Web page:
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Preparing Cream Soups - Roux All About It

Preparing Cream Soups - Roux All About It

Redefining Cream Soups

The term cream soup once only applied to those soups that were made from a roux base combined with milk to make b�chamel, or combined with stock to make veloute. Today the term has been broadened to include soups that incorporate cream, but do not necessarily begin with a roux. To further expand on the modern definition, many cream soups incorporate sour cream, cream fraiche, or yogurt.

How to Make a Roux

Roux is made by combining some type of fat (typically butter) with flour in equal parts by weight. The fat is warmed over medium heat and then the flour is added to it all at once. The roux is then cooked while being stirred constantly for about 5-8 minutes. The consistency of a proper roux should resemble very wet sand. Depending on how the roux is being used, it is sometimes cooked for an additional amount of time until it is blonde or even brown in color. For the purpose of cream soups, however, a white roux is almost always used.

The Scoop on Bechamel

Bechamel has many different applications and derivatives in classical cooking. It is made by slowly whisking warm milk into roux until no lumps remain and then simmering to ensure that the taste of raw flour is totally cooked out. The top of the bechamel is skimmed as needed to remove any impurities that rise to the surface as it cooks. It is crucial to keep an eye on bechamel and stir often to prevent it from scorching. After the proper cooking time, the bechamel is seasoned with salt and white pepper (black pepper would leave noticeable flecks in the white sauce) and strained through cheesecloth. Depending on its use, the bechamel can then be flavored with any number of herbs, spices, and other flavorings. A correct bechamel should be silky with no graininess and should have a nice sheen.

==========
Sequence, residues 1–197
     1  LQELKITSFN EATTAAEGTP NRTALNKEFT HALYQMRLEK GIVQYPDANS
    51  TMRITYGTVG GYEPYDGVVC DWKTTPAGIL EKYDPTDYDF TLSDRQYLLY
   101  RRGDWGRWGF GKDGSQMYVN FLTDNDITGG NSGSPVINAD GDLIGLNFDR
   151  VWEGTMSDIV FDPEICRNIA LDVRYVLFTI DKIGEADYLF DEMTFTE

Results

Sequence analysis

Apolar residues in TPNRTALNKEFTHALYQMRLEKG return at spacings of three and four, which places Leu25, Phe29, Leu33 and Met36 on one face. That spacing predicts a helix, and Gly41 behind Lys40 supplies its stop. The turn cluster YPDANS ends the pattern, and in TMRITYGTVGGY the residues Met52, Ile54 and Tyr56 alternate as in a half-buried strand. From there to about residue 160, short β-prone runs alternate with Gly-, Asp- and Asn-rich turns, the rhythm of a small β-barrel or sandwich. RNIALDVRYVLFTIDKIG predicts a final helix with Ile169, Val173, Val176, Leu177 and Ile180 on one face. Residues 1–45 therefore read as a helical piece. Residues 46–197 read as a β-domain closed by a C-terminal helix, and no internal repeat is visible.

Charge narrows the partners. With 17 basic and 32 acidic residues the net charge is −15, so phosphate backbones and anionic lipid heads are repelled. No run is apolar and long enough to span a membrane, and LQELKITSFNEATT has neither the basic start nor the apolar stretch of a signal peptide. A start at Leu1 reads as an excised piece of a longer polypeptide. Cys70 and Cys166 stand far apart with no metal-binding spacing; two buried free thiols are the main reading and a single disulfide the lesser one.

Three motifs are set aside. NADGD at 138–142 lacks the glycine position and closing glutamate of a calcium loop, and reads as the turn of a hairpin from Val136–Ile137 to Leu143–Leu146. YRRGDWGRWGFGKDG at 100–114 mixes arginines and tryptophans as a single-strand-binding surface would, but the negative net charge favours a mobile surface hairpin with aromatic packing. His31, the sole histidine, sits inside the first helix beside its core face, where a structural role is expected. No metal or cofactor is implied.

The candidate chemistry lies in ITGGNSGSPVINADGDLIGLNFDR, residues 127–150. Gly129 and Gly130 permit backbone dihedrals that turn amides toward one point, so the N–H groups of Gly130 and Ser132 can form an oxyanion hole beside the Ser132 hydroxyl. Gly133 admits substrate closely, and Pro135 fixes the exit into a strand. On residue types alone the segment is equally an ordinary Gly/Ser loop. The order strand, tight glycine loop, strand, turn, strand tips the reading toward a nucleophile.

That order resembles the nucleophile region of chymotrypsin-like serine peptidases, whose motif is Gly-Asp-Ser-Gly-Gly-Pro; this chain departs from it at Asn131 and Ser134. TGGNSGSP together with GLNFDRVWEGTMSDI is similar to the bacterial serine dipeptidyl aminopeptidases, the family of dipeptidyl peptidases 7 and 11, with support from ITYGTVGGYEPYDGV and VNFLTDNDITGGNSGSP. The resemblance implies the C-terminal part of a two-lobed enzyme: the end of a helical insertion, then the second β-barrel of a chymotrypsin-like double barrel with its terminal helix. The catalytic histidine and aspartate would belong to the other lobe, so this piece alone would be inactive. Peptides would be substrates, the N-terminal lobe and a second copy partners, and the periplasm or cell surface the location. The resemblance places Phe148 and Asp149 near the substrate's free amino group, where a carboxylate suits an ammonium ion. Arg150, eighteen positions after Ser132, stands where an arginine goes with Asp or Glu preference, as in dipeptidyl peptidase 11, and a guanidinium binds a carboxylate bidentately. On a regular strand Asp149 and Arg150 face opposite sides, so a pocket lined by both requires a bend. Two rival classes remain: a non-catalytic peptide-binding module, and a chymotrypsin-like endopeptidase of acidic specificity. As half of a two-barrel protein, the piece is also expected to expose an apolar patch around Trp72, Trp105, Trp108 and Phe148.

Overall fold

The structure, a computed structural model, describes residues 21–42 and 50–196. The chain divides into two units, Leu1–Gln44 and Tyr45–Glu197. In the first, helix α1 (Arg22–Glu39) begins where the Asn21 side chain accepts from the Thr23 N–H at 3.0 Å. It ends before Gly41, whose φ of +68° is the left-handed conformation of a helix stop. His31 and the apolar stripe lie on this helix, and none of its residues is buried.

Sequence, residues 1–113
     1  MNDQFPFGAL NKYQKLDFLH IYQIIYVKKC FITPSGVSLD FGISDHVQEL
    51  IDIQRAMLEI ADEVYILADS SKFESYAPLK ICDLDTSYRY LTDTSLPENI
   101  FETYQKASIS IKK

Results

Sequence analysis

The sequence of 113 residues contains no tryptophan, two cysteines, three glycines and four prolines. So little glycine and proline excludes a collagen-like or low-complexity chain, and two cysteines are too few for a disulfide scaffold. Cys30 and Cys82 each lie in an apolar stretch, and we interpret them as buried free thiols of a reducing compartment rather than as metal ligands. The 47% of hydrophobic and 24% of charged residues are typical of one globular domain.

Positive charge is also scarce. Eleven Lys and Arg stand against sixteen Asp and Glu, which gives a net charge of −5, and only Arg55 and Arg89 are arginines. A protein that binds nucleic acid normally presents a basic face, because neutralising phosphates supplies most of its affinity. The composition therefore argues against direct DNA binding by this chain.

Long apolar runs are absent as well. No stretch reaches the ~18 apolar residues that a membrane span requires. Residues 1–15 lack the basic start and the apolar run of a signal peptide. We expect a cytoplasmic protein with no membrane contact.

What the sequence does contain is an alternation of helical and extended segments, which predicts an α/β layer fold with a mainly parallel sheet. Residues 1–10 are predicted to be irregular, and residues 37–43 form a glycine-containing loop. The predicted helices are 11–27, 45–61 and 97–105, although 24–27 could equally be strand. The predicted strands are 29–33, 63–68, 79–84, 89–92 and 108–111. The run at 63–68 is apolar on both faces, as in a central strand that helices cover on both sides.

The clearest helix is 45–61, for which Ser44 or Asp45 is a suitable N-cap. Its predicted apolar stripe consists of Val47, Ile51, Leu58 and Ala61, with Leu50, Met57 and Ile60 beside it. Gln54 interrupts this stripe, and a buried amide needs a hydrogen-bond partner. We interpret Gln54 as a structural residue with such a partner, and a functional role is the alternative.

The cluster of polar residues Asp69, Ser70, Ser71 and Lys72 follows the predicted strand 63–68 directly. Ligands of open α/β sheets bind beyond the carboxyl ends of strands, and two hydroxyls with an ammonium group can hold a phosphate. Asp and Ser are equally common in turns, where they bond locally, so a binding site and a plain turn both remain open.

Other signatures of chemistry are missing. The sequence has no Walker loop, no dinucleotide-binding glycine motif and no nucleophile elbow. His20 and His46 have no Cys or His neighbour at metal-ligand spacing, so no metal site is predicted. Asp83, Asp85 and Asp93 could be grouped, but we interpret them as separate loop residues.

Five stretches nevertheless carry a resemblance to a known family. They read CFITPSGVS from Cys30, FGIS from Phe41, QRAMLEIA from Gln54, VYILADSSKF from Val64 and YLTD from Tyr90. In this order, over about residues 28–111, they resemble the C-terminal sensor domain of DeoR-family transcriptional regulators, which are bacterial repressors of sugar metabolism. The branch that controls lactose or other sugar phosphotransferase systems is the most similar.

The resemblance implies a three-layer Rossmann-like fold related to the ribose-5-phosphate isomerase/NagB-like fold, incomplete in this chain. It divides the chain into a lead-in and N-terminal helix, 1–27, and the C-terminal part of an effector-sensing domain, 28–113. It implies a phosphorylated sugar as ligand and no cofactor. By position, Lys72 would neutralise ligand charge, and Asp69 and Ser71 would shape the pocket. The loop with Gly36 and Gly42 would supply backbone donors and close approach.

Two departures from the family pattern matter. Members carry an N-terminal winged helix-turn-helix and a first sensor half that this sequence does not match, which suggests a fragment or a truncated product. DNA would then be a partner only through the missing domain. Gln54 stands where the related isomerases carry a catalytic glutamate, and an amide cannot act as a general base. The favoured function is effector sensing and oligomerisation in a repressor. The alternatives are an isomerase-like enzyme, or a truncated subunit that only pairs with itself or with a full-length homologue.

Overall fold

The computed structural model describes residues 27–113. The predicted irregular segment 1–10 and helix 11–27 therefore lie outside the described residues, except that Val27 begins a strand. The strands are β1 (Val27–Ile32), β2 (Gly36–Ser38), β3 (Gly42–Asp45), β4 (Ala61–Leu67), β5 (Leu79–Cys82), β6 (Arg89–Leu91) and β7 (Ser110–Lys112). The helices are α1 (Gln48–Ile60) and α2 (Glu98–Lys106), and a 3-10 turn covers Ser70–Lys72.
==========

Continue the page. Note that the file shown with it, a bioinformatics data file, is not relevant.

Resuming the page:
About Classic Veloutes

Veloute is basically the same as bechamel, however white stock is used in the place of milk. The stock is generally made from chicken, veal, or fish depending on how the veloute will be used. When used as a soup base, veloutes are classically finished with cream and sometimes egg yolks.

About the Author

After receiving degrees from the University of Wisconsin and the Culinary Institute of America, Andrea Rappaport moved into a full-time career in the restaurant business. For over 12 years, she worked in various culinary jobs, including as a cook for Wolfgang Puck at Spago, and ultimately as the executive chef and partner of the highly revered San Francisco restaurant Zinzino. For the past seven years, Andrea has worked as the private chef for one family in the San Francisco area, and continues to expand her culinary portfolio by catering, teaching, and consulting.